Biden then launched into a critique of Warren’s views, suggesting that she was thrusting the responsibilities of the government on innocent businesses. (No, really. It starts on page 30 (pdf).)
“We are going to ask the gas company, the drug store, the automobile dealer to pay for the broken system instead of having the nerve to come and say it is a moral obligation of a nation to pay for that broken system,” Biden complained.
“Until we fix the broken healthcare finance system, those families have to turn somewhere and that means now they turn as a last-ditch effort to the bankruptcy courts,” Warren replied.
Then Biden suggested that Warren’s real complaint was the usurious rates charged by credit-card companies, not bankruptcy law itself.
“But, senator, if you are not going to fix that problem, you can’t take away the last shred of protection from these families,” Warren protested.
“I got it, OK,” Biden replied. “You are very good, professor.”
Warren has said that the experience of seeing the bankruptcy bill pass was a wakeup call. Being right was not enough; the political power of entrenched interests made traditional remedies for consumers obsolete. Two years later, she would publish an article calling for the creation of a federal Consumer Financial Protection Agency as a new, direct solution for the problem of unsafe financial products.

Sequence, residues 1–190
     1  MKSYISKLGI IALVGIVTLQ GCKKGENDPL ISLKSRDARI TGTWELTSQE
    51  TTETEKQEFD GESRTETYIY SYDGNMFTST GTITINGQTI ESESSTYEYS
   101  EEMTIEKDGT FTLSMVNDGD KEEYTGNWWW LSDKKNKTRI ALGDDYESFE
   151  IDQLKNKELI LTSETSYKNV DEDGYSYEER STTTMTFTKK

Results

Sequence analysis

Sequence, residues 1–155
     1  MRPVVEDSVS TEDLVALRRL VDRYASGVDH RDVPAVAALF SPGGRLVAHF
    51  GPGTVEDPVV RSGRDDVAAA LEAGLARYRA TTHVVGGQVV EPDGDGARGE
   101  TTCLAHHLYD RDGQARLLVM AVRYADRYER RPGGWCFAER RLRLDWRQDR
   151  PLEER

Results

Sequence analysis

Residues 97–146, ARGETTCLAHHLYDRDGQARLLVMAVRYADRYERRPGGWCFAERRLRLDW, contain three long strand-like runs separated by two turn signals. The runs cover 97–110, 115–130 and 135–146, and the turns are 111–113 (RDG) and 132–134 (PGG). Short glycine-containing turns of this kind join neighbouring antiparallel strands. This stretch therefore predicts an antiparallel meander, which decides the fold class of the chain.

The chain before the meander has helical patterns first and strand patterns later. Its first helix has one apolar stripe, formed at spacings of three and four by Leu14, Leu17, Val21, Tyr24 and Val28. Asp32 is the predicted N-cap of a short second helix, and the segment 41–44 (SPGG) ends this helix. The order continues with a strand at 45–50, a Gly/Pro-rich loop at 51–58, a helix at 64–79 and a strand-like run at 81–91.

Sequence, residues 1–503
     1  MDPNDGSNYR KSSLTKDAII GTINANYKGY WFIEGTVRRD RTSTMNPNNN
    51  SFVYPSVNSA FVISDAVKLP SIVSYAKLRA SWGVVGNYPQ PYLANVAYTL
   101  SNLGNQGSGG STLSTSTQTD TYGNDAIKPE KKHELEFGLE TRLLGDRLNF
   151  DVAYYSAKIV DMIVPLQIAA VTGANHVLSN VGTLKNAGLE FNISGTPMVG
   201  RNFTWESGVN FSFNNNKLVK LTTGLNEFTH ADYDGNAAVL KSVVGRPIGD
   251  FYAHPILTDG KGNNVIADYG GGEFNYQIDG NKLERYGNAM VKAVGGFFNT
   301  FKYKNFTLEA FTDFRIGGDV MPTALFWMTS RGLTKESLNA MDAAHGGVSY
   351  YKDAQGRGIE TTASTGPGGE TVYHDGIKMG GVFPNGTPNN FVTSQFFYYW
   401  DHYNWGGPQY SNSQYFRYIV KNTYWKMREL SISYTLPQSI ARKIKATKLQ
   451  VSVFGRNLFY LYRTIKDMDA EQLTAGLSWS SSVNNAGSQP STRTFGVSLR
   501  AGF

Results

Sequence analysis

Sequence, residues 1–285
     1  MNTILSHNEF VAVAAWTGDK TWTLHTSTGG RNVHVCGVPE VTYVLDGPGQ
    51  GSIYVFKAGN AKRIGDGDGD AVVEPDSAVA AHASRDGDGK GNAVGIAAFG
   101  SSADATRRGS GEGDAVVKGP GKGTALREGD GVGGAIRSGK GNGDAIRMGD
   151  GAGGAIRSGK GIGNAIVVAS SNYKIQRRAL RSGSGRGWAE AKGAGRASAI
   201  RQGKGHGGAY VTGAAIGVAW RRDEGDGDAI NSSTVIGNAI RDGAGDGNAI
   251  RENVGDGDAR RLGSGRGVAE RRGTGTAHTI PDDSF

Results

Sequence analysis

She would also lose patience with members of her own Democratic party who made compromises with the financial sector. When she found herself an adviser in the Obama White House, with Biden as vice president, she clashed with treasury secretary Tim Geithner over the powers that should be given to the new agency when it was created by the Dodd-Frank financial reform law. Ultimately, Obama gave the job of running the new agency to Ohio attorney general Richard Cordray, and Warren ran for a Massachusetts senate seat in 2012.
Warren was one of the first candidates to throw her hat in the 2020 Democratic presidential ring, running on a platform of policy ideas that can be traced to the views of the American economy she developed in her research into bankruptcy. When Biden, a frontrunner in the polls, finally got in the race last week, Warren didn’t waste any words.
“Our disagreement is a matter of public record,” she said. “When the biggest financial institutions in this country were trying to put the squeeze on millions of hardworking families who were in bankruptcy because of medical problems, job losses, divorce and death in the family, there was nobody to stand up for them. I got in that fight because they just didn’t have anyone, and Joe Biden was on the side of credit-card companies.”
In the 2016 primaries, Hillary Clinton’s support for the same bankruptcy law proved a potent critique for Bernie Sanders, who’s also in the Democratic race this time around. On a future debate stage, Biden will have a difficult time changing the subject when Warren lays into him about his links to the financial industry.
His campaign did not respond to Quartz questions about his 2005 vote. Still, it is, as Warren insists, a matter of public record.